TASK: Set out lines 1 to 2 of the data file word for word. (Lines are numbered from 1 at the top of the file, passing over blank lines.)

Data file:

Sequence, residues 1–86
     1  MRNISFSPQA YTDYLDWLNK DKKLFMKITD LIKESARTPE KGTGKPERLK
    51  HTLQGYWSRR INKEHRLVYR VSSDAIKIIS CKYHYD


Sequence, residues 1–86
     1  MRNISFSPQA YTDYLDWLNK DKKLFMKITD LIKESARTPE KGTGKPERLK